Chasing Dragons – Faction

There is no doubt there has been plenty of eager anticipation for the debut album from British rockers Chasing Dragons, especially since the release of their last EP, Faction: Prologue, a couple years back. It was a kind of teaser for the band’s first full-length, unsurprisingly called Faction, which built on their earlier offerings and successes whilst peering into a whole new landscape of sound and imagination, indeed intimation now fully explored and expanded within the new encounter where we would suggest, the Chasing Dragons sound has come of age.

The time since the last EP has also seen the Leeds outfit truly establish themselves on the UK live scene with a big reputation to match, Chasing Dragons sharing tours and stages with the likes of Stone Broken, The Qemists, Skid Row, SikTh, InMe, Diamond Head, Aaron Buchanan and The Cult Classics, Courage My Love, Skarlett Riot, Theia and many more. Featuring nine new songs along with re-recorded versions of the three tracks from the Faction: Prologue EP, the album swiftly ignites attention and imagination with opener Factionless. Part intro part full intimation, the track stretches up from its initial arousal on the ever striking tones of vocalist Tank. Like a flame within unsettled atmospherics, her potent presence is a rich lure and spark for the outstanding piece’s subsequent shadow bound predacious stroll. Portentous yet virally inviting, the track masterfully erupts before making way for the melodically inflamed How The World Went Black. Guitarist Adam quickly spins a web of metallic temptation woven with melodic rock enterprise whilst the track bites through the determined beats of Katie, they courted by the dark rumble from Murf’s bass. Progressive hues emerge as the song evolves, technical craft lining its invention as all the while Tank radiates with her powerful and impressive delivery.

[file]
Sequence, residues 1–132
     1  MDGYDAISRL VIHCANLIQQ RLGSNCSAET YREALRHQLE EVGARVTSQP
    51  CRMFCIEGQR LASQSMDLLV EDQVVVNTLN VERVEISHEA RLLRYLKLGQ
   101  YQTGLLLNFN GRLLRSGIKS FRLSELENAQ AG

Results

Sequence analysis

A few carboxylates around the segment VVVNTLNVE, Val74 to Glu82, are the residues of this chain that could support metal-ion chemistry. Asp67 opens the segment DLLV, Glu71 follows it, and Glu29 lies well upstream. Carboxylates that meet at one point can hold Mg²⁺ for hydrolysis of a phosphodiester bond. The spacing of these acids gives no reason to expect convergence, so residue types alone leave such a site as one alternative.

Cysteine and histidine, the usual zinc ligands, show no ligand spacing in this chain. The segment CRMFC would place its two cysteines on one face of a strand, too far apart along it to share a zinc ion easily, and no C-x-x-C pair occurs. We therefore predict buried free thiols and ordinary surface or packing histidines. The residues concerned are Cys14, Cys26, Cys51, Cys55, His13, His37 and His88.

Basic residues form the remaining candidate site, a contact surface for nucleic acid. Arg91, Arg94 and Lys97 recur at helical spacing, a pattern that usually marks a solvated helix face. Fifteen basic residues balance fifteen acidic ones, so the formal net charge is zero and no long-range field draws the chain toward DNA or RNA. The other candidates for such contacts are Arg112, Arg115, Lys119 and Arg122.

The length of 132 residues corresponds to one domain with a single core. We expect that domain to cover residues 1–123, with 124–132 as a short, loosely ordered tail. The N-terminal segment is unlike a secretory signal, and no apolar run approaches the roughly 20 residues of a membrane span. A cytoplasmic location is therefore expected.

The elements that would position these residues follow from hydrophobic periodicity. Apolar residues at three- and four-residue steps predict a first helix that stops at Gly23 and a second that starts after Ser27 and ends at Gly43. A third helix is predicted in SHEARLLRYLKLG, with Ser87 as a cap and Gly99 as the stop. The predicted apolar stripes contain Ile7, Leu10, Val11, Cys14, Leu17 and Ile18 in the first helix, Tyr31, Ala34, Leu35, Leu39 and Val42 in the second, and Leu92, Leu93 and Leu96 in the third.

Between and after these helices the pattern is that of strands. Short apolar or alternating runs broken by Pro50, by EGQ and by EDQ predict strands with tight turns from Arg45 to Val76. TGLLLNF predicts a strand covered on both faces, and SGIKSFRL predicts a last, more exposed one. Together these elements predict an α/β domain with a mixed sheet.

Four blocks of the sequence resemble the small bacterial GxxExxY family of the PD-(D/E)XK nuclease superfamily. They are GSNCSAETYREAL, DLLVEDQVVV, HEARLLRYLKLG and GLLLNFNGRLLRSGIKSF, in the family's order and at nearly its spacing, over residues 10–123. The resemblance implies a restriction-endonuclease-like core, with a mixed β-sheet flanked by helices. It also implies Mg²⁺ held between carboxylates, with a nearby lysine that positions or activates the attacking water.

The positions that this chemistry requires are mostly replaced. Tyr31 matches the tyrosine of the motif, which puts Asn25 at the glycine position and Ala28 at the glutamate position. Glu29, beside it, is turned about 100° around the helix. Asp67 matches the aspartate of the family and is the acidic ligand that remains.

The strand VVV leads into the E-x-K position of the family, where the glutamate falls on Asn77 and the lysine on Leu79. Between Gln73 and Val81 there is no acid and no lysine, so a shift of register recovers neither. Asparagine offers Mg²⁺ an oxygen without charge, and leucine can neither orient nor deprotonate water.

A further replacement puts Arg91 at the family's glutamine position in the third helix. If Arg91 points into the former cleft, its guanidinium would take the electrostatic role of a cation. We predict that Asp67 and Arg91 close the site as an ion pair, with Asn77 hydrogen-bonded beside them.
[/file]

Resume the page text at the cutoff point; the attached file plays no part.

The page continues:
Amongst the band’s influences stand artists such as Halestorm, Avenged Sevenfold, and Bullet For My Valentine, all open spices to the band’s individual recipe as proven again by the melodically vociferous roar that is Parasite and the dramatic exploits of Like Gravity. The latter is a tempest of textures and flavours carrying a volatility which accentuates its warmth and elegance rather than devours them. As many tracks, it is a proposition which grows by the minute through new twists and avenues, all unpredictable and each an imaginative turn along the track’s magnetic journey.

 Through the equally tense Bareknuckle Lover, the mercurial attack of the track as alluring as it is resourceful, and the lively emotive roar of For Kingdom For Glory, Chasing Dragons continue to add fresh adventure to their release. The second of the two in some ways promises more than it delivers, certain inventive moments not exploited as much as personal tastes wished yet is still a gripping snare of sound.

The calmer climate and croon of This Time Is Ours allowed a breath as it simply enthralled though it too has a sprightly nature which eventually catches fire with Adam casting another striking blaze veined with mazy temptation before the riveting Devil In Her Eyes wound eager attention around its tantalisingly creative fingers and in turn The Connection takes ears on a saunter through gothic lined shadows and emotionally suggestive caresses before subsequently erupting into a furnace of muscular sonic theatre. The second of the trio is especially irresistible, every moment a clever thread into the next unexpected and virulent turn of the song though then pretty much matched in glory by its successor.

As the classic seeds of the similarly impressing I’m No Devil (I’m Just A Girl) catch fire within its metal/heavy rock drama and Whitehorse teases and fascinates, the album continues to reveal new aspects in sound and craft; the latter’s haunting opening passage an especially mouth-watering incitement for ears and imagination which hints at new corners and corridors for the band to explore ahead.

We Are The Wall concludes the release, the track a ravenous onslaught of sound and intent driven by rapacious rhythms and coloured by wiry grooves and rich melodies as Tank for a final time powerfully incites thoughts as she potently roars.

It is a fine end to an equally ear-catching album which as suggested declares Chasing Dragons at a new level in songwriting, sound, and performance, a plateau teasy to suspect the metal/rock world will be unable to ignore.

Faction is available now across most online stores.

Chasing Dragons November 2018 Faction Headline Tour

 2nd – Manchester – Satan’s Hollow – support Ward XVI, Soul Desire, Fear Me December

3rd – Croydon – Croydon Rocks Fest

4th – Southampton – Joiners – support Novacrow + TBC